House votes to halt strict coal ash rules, but fight will continue in Senate
The House of Representatives approved an amendment to a federal spending bill over the weekend that would prevent the Environmental Protection Agency from regulating the toxic ash from coal-fired power plants as hazardous waste.
But advocates of strict federal oversight of coal ash regard the vote as a victory of sorts because they believe they got enough support to keep the fight alive in the Senate.
The final vote to pass the anti-regulatory amendment offered by Rep. David McKinley (R-W.Va.) (in photo) was 239 to 183. But a grassroots lobbying effort organized by the environmental advocacy group Earthjustice helped bring 19 Republicans to the pro-regulatory side -- about three times as many as supported any other environmental rider to the House spending bill.
McKinley's amendment would prevent the EPA from using funds to regulate coal ash as hazardous waste under the federal Resource Conservation and Recovery Act. The EPA released two proposed options last year for regulating coal ash -- the hazardous waste option, which is widely opposed by electric utilities, and an option that would treat the coal ash as ordinary waste under RCRA and provide much less stringent oversight.
The Republicans who crossed party lines to cast a "no" vote in support of treating coal ash like hazardous waste were Reps. Timothy Johnson of Illinois; Bill Cassidy of Louisiana; Erik Paulsen of Minnesota; Jeffrey Fortenberry of Nebraska; Charles Bass of New Hampshire; Leonard Lance, Frank LoBiondo and Christopher Smith of New Jersey; Nan Hayworth of New York; Steven LaTourette and Michael Turner of Ohio; Michael Fitzpatrick of Pennsylvania; Chuck Fleischmann of Tennessee; J. Randy Forbes, Scott Rigell, Rob Wittman and Frank Wolf of Virginia; and Dave Reichert of Washington.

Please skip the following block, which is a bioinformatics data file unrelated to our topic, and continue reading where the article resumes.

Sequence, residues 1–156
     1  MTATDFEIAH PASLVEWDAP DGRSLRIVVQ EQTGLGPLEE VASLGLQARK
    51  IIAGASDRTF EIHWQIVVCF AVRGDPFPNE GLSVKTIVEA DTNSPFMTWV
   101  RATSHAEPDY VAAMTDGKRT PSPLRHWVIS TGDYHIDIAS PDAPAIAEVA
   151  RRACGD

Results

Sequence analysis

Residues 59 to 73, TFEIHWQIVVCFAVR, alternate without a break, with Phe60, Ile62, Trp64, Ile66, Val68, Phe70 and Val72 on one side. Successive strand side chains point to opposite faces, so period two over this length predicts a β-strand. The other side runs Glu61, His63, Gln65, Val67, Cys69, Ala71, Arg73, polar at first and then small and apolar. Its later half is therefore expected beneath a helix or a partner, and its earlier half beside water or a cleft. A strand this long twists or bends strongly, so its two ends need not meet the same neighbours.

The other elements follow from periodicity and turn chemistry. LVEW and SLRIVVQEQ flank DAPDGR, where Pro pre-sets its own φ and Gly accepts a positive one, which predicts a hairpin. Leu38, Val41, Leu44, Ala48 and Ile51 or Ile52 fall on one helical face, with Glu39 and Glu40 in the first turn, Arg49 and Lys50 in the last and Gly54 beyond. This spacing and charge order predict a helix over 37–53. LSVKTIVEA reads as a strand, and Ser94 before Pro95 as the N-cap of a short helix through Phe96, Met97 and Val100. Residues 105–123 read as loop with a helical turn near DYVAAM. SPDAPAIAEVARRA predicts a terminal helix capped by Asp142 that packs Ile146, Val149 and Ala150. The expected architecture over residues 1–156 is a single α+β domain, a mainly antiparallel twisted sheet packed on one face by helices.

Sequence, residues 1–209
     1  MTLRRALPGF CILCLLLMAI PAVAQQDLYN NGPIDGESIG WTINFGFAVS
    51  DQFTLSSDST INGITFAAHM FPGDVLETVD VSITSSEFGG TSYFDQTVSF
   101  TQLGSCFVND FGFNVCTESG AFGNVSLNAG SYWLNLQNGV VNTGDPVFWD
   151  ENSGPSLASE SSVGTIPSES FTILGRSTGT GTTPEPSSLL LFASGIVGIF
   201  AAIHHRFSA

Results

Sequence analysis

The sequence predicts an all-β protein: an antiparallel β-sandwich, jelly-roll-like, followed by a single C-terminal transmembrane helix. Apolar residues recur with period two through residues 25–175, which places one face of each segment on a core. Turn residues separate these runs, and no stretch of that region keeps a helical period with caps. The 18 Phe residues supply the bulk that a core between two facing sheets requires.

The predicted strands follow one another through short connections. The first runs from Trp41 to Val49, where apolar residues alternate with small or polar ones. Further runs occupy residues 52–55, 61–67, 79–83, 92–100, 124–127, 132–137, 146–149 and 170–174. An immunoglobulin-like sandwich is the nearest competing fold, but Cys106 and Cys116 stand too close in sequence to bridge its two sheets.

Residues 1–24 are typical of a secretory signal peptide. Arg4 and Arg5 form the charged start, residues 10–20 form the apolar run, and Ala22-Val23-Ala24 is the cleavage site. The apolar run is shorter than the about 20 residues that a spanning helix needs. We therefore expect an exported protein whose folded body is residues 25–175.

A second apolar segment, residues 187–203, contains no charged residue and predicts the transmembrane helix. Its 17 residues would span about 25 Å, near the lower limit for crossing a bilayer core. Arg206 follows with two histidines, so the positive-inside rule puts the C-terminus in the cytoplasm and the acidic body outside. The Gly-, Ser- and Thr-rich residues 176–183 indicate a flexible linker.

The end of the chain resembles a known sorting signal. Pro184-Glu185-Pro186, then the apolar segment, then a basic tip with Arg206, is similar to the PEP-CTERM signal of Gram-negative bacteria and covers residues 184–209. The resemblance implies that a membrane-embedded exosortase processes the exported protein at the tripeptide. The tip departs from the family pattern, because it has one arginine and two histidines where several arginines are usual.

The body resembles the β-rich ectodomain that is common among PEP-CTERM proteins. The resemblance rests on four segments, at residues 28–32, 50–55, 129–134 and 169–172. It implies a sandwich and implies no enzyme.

But there were also 19 Democrats who crossed party lines to support the amendment targeting EPA's coal ash regulation. They were Mike Ross of Arkansas; Dennis Cardoza and Jim Costa of California; John Barrow of Georgia; Jerry Costello of Illinois; Andre Carson and Joe Donnelly of Indiana; Leonard Boswell of Iowa; Ben Chandler of Kentucky; Collin Peterson and Timothy Walz of Minnesota; William Owens of New York; Dan Boren of Oklahoma; Mark Critz and Tim Holden of Pennsylvania; Henry Cuellar of Texas; Jim Matheson of Utah; Nick Rahall of West Virginia; and Ronald Kind of Wisconsin.
There were 11 lawmakers who didn't vote on the amendment, nine of them Democrats and two Republicans.
The McKinley amendment was part of a broader GOP effort seeking to block stricter environmental regulations. Other amendments that passed included:
* A separate proposal by Rep. McKinley of West Virginia taking away EPA's ability to block Clean Water Act permits for mountaintop removal mining;
* A proposal by Rep. Morgan Griffith's (R-Va.) blocking funds for EPA's effort to impose stricter water quality protections for Appalachian coal mining operations;
* A proposal by Rep. Bill Johnson (R-Ohio) prohibiting the Interior Department from using funds to develop rules protecting streams from mountaintop removal mining waste;
* A measure sponsored by Rep. Ralph Hall (R-Texas) to prohibit the National Oceanic and Atmospheric Administration from creating a new climate service;
* A proposal by Rep. Blaine Luetkemeyer (R-Mo.) blocking U.S. funding for the United Nation's Intergovernmental Panel on Climate Change;
* A measure from Rep. Kristi Noem (R-S.D.) blocking EPA funding for stricter air pollution standards for coarse particulates;
* A proposal by Rep. John Carter (R-Texas) blocking EPA from imposing rules to cut mercury and other pollution from cement kilns.
The final amended legislation passed by a vote of 235 to 189 -- and came under harsh criticism from environmental advocates.
"The spending bill that passed early this morning is a shameful statement on the state of corporate-bought-and-paid-for politics in the House of Representatives," Martin Hayden, vice president of policy and legislation at Earthjustice, said Saturday. "Instead of slashing the excessive subsidies and offensive handouts to dirty energy industries, they have defunded the very programs that keep Americans safe and healthy."
(Photo of Rep. David McKinley from the House website.)
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